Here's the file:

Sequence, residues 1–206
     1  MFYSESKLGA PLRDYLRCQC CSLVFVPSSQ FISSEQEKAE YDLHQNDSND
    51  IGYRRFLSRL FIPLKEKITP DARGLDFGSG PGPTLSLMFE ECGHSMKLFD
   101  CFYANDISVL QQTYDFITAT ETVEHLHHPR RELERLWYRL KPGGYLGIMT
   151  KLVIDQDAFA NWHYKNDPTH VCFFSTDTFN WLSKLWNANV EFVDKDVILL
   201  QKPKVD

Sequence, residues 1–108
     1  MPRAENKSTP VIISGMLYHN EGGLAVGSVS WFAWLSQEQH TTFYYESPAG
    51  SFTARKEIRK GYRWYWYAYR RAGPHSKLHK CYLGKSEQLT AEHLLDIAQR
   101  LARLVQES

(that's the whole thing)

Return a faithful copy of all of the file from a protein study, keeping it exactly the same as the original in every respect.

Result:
Sequence, residues 1–206
     1  MFYSESKLGA PLRDYLRCQC CSLVFVPSSQ FISSEQEKAE YDLHQNDSND
    51  IGYRRFLSRL FIPLKEKITP DARGLDFGSG PGPTLSLMFE ECGHSMKLFD
   101  CFYANDISVL QQTYDFITAT ETVEHLHHPR RELERLWYRL KPGGYLGIMT
   151  KLVIDQDAFA NWHYKNDPTH VCFFSTDTFN WLSKLWNANV EFVDKDVILL
   201  QKPKVD

Sequence, residues 1–108
     1  MPRAENKSTP VIISGMLYHN EGGLAVGSVS WFAWLSQEQH TTFYYESPAG
    51  SFTARKEIRK GYRWYWYAYR RAGPHSKLHK CYLGKSEQLT AEHLLDIAQR
   101  LARLVQES